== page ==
Mr. Seward to the Marquis de Montholon
Sir: Having made known to the President the Emperor’s views on Mexican affairs which you communicated to me on the 29th ultimo, I have now the honor to inform you of the disposition of this government in regard to the same subject. It seems proper, however, for me to say, in the first place, that what I have to communicate has been already fully made known to Mr. Bigelow, with authority, in his discretion, to impart the same to Mr. Drouyn de Lhuys.
The effect of the Emperor’s suggestions when they are reduced to a practical shape seems to be this: that France is willing to retire from Mexico as soon as she may, but that it would be inconvenient for her without first receiving from the United States an assurance of a friendly or tolerant disposition to the power which has assumed to itself an imperial form in the capital city of Mexico. The President is gratified with the assurance you have thus given of the Emperor’s good disposition. I regret, however, to be obliged to say that the condition the Emperor suggests is one which seems quite impracticable.
It is true, indeed, that the presence of foreign armies in an adjacent country could not, under any circumstances, but cause uneasiness and anxiety on the part of this government. It creates for us expenses which are inconvenient, not to speak of dangers of collision. Nevertheless, I cannot but infer from the tenor of your communication, that the principal cause of the discontent prevailing in the United States in regard to Mexico is not fully apprehended by the Emperor’s government. The chief cause is not that there is a foreign army in Mexico; much less does that discontent arise from the circumstances that that foreign army is a French one. We recognize the right of sovereign nations to carry on war with each other if they do not invade our right or menace our safety or just influence. The real cause of our national discontent is, that the French army which is now in Mexico is invading a domestic republican government there which was established by her people, and with whom the United States sympathize most profoundly, for the avowed purpose of suppressing it and establishing upon its ruins a foreign monarchical government, whose presence there, so long as it should endure, could not but be regarded by the people of the United States as injurious and menacing to their own chosen and endeared republican institutions.
I admit that the United States do not feel themselves called upon to make a [Page 451] war of propagandism throughout the world, or even on this continent, in the republican cause. We have sufficient faith in the eventual success of that cause on this continent, through the operation of existing material and moral causes, to induce us to acquiesce in the condition of things which we found existing here, while our own republic was receiving its shape and development. On the other hand we have constantly maintained, and still feel bound to maintain, that the people of every State on the American continent have a right to secure for themselves a republican government if they choose, and that interference by foreign states to prevent the enjoyment of such institutions deliberately established is wrongful, and in its effects antagonistical to the free and popular form of government existing in the United States. We should think it wrong as well as unwise, on the part of the United States, to attempt to subvert by force monarchical governments in Europe for the purpose of replacing them with republican institutions. It seems to us equally objectionable that European states should forcibly intervene in states situated on this continent to overthrow republican institutions, and replace them with monarchies or empires.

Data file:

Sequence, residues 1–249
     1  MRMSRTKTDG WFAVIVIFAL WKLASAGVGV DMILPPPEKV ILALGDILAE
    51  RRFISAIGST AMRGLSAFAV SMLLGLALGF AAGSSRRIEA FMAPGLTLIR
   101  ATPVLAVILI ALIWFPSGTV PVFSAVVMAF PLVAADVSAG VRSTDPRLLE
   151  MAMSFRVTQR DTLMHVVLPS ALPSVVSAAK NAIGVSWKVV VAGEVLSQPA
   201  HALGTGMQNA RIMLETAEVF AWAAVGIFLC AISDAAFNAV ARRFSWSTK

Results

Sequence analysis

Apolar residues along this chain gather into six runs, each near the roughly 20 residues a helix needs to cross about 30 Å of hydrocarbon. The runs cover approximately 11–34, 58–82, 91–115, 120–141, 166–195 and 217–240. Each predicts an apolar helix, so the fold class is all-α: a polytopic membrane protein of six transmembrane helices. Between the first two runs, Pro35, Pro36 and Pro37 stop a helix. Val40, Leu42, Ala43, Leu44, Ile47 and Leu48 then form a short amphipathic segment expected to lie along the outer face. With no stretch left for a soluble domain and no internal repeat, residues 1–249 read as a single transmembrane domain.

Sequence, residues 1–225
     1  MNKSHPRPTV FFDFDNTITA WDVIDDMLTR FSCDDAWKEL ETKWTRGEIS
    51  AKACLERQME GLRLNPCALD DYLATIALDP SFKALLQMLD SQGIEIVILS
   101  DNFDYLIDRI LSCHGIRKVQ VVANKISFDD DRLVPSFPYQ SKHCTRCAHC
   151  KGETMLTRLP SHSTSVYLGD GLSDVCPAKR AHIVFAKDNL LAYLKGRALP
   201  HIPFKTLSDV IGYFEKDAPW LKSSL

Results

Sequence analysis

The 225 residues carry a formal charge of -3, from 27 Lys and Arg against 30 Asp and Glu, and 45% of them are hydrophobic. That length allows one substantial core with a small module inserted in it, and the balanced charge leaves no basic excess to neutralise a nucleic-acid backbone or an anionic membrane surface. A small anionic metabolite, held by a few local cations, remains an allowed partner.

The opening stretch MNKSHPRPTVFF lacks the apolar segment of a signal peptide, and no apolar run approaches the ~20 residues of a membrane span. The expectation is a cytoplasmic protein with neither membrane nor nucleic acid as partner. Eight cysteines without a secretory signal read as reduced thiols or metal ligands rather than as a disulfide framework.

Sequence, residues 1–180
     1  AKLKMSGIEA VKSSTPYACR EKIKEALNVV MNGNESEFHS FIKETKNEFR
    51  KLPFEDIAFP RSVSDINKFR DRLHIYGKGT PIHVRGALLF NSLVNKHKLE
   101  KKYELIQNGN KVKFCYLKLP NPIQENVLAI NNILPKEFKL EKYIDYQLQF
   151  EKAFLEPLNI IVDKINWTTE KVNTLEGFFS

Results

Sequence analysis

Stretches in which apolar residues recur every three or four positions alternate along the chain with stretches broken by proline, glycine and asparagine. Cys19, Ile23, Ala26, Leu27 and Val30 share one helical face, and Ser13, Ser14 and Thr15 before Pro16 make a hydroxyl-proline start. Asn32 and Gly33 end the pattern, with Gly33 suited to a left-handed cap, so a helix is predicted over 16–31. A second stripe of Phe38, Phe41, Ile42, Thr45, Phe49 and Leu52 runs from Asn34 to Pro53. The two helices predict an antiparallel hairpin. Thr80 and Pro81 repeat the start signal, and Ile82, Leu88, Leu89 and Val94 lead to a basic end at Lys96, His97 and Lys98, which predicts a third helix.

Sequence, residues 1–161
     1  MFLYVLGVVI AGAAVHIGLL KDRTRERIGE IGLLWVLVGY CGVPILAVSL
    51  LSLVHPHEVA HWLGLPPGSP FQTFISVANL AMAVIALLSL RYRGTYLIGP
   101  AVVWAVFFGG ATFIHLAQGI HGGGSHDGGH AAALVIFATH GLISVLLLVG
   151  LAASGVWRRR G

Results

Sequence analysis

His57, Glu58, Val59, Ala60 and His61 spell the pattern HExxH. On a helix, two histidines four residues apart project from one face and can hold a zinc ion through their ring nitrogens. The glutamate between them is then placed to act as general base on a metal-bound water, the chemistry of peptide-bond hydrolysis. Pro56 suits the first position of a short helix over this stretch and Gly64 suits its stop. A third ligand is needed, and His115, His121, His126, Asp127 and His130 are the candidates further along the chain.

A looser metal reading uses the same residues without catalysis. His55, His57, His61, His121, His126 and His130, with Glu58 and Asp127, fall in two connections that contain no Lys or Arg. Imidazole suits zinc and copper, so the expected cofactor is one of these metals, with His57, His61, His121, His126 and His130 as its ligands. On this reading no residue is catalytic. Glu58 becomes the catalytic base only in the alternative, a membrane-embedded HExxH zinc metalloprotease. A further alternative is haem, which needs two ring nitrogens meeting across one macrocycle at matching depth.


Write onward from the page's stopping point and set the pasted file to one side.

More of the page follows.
Having thus frankly stated our position, I leave the question for the consideration of France, sincerely hoping that that great nation may find it compatible with its best interests and its high honor to withdraw from its aggressive attitude in Mexico within some convenient and reasonable time, and thus leave the people of that country to the free enjoyment of the system of republican government which they have established for themselves, and of their adherence to which they have given what seems to the United States to be decisive and conclusive, as well as very touching proofs. I am, sir, the more inclined to hope for such a solution of the difficulty for the reason that when, at any time within the last four years, the question has been asked of any American statesman, or even of any American citizen, what country in Europe was the one which was least likely to experience an alienation of the friendship of the United States, the answer was promptly given, France. Friendship with France has always been deemed important and peculiarly agreeable by the American people. Every American citizen deems it no less important than desirable for the future than for the past.
The President will be pleased to be informed of the reception which the Emperor gives to the suggestions which I have now made.
Accept, sir, the renewed assurances of my very high consideration.